Three killings in one night this week kicked decision-makers into action. Prime Minister Ulf Kristersson gave a televised address to the nation – something that used to be practically unheard of in Sweden but which his predecessor launched during the Covid crisis – after which he met with the commander-in-chief of the armed forces to discuss what the military can do to help the police.

Social Democrat leader Magdalena Andersson also urged the government to call in the military to assist the police.

This may not seem like a controversial move in countries where the military quite often help the police, but in Sweden there’s long been a resistance to mixing the two – dating back to the an incident in the village of Ådalen in 1931 when the military were called in to help keep a demonstration in check and ended up opening fire on protesters, killing five people. 


In reality, there’s not much the Swedish military can do for now to help the police in terms of actively cracking down on gangs with the use of force. The armed forces are already permitted to offer support to other authorities, such as the police, when appropriate, but not if that support puts them in a situation where they would risk having to use force against individuals. The only exception to the use-of-force rule is that police can request military support to fight terrorism, a law that was introduced in 2006, but that doesn’t cover gang violence.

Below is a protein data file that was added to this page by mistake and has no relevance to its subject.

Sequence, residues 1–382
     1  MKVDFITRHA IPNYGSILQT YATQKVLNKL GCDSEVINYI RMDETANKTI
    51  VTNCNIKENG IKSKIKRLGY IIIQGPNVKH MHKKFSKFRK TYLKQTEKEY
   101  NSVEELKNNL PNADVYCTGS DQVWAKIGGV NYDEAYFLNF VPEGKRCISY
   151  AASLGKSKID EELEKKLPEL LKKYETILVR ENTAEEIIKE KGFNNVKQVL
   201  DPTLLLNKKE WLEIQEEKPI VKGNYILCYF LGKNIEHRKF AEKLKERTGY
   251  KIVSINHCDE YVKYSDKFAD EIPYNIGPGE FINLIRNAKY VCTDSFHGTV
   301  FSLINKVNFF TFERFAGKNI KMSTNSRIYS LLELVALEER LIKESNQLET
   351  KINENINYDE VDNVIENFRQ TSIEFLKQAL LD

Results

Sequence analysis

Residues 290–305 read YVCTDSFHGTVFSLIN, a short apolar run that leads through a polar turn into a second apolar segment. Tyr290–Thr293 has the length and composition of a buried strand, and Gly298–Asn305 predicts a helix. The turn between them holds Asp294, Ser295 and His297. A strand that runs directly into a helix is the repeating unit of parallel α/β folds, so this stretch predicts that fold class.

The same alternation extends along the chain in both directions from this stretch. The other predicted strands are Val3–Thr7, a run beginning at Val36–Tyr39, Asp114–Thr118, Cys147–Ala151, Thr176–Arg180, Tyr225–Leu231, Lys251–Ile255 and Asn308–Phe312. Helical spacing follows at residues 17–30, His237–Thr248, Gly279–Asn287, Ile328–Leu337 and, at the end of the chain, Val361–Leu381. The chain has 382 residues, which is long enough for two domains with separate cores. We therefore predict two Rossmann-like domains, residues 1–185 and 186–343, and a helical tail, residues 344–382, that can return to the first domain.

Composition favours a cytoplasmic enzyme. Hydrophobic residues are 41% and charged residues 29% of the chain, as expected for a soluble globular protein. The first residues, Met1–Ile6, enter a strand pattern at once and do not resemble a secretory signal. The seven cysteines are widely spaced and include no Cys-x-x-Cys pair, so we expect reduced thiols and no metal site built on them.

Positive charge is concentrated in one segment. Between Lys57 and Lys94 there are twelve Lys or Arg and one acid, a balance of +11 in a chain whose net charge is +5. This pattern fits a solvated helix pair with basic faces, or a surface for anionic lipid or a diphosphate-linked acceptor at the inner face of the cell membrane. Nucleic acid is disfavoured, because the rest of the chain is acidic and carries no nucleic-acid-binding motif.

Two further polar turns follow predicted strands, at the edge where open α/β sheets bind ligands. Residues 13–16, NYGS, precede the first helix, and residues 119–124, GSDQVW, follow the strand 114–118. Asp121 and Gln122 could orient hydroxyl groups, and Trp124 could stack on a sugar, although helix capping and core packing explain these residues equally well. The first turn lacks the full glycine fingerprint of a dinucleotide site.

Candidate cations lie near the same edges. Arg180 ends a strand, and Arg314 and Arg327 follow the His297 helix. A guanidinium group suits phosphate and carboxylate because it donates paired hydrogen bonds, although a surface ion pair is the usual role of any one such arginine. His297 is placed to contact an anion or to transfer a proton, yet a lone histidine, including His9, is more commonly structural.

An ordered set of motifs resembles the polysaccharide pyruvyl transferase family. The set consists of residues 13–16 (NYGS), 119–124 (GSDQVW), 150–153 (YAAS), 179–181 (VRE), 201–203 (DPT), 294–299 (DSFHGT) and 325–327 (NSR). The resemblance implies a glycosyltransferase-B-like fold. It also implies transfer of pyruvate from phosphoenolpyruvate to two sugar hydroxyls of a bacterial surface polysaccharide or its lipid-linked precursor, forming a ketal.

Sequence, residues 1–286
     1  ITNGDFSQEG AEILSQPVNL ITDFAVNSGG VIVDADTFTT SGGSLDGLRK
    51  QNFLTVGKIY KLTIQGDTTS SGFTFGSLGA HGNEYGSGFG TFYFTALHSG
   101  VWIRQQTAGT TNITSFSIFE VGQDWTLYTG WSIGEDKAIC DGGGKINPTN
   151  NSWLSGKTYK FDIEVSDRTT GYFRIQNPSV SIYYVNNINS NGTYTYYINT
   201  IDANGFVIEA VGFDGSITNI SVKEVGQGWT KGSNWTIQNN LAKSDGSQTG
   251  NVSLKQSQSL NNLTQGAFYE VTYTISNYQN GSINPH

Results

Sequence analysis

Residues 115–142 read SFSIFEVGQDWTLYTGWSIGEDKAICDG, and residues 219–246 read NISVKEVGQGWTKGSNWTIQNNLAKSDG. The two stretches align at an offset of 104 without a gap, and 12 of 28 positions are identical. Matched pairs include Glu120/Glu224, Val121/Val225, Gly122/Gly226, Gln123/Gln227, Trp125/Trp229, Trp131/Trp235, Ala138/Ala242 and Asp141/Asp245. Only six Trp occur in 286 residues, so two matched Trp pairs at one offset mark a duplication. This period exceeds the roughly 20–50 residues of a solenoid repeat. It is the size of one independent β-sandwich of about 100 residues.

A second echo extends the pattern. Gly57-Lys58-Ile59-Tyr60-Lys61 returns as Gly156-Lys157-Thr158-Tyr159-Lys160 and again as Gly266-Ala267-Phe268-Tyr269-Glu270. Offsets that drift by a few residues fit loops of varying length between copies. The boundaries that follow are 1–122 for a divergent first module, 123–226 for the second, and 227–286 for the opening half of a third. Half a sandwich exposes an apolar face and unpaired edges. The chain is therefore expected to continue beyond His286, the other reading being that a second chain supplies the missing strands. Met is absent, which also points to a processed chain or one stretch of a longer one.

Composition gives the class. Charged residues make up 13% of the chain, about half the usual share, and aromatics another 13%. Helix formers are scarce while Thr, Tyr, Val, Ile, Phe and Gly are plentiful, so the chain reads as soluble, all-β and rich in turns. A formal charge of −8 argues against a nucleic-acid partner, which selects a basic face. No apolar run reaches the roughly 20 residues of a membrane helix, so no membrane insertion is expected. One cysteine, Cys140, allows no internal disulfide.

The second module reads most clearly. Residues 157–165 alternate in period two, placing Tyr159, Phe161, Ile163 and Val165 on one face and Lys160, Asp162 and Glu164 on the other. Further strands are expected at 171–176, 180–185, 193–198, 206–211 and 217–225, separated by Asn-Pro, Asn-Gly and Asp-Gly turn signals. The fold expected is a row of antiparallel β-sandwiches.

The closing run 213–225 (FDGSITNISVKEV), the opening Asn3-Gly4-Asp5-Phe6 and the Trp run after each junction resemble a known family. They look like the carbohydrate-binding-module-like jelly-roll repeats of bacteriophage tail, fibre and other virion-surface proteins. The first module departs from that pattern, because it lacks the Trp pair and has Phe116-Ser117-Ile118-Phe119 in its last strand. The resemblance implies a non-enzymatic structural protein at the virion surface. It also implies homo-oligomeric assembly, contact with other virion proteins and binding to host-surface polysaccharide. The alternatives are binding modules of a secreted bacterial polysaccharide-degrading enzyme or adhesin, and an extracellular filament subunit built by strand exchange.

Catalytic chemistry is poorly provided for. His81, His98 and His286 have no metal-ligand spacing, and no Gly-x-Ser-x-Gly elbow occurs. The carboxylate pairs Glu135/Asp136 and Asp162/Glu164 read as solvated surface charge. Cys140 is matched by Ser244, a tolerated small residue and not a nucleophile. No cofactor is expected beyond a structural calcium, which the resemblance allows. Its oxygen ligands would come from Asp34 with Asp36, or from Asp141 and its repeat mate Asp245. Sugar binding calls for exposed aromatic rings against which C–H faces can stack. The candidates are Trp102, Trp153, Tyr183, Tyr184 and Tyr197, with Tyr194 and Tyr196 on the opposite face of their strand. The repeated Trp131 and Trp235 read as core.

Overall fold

Kristersson knew that when he held a press conference yesterday to announce that he was ordering the armed forces and police to work together to crack down on the gang crime wave, and he also emphasised that this would be done "within the existing legal framework".


So that could involve help with logistics such as helicopters, or providing staff and knowledge in areas where the armed forces have plenty of expertise, such as help with analysis when it comes to explosives or forensic IT work, but you won't be seeing soldiers in the street.

In the long term, Kristersson said the law should be changed to give the police authority greater ability to request help in certain situations. He specifically mentioned "grey area situations where it's not obvious what kind of threat Sweden faces", but otherwise did not elaborate. Justice Minister Gunnar Strömmer told the same press conference that the government would reveal further details down the road.